Refugee support services get budget boost

Transitional services for refugees and migrants have been topped up amid a federal budget scant on immigration details.

The government has put aside $27 million in refugee and migrant funding over three years towards youth support, specialised services for women experiencing domestic violence and settlement support for Afghan humanitarian visa holders.

There is an additional $3.8 million for English classes in community hubs across Australia over four years and $1 million for volunteer settlement services as part of an integration scheme pilot.

‚ÄúThese investments ensure newly resettled refugees in Australia are provided the support they need to succeed in the community,‚ÄĚ Home Affairs Minister Clare O‚ÄôNeil and Immigration Minister Andrew Giles said in a joint statement.

An additional $900,000 was flagged for families and individuals affected by the Israel-Hamas war in 2024/25, with monetary aid available for those in hardship and an extension of Medicare eligibility for those on E-class bridging visas.

An undisclosed amount of funding for security improvements at a high-security immigration detention centre in Western Australia was announced, with details scant as industry contracts are yet to be inked.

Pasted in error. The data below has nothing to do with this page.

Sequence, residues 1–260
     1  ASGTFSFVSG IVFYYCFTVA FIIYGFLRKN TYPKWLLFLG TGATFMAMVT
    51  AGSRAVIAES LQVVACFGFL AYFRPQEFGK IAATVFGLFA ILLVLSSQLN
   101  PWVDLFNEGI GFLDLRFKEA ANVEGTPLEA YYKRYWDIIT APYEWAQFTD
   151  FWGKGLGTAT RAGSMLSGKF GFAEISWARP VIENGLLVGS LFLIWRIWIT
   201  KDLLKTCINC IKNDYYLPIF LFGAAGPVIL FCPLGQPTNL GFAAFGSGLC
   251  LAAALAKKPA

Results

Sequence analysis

The Yongah Hill Immigration Detention Centre in the remote town of Northam, east of Perth, was deemed partially ‚Äúno longer fit for purpose‚ÄĚ by the Australian Human Rights Commissioner Lorraine Finlay in April.

Drug trafficking and inadequate health care were raised as serious concerns by the commission after a two-day visit in May 2023.

Top-up funding for the Department of Home Affairs has been flagged, with $100 million for salaries and other core operational expenses allocated.

Migrant workers will also be supported through $15 million in educational programs to teach about workplace protections and compliance, as the government attempts to stop exploitation in the labour market.

A data-matching pilot of income and employment figures between the Department of Home Affairs and the tax office will also aim to stop abuse in the migration system, costed at $1.9 million.

 

Esther Linder
(Australian Associated Press)

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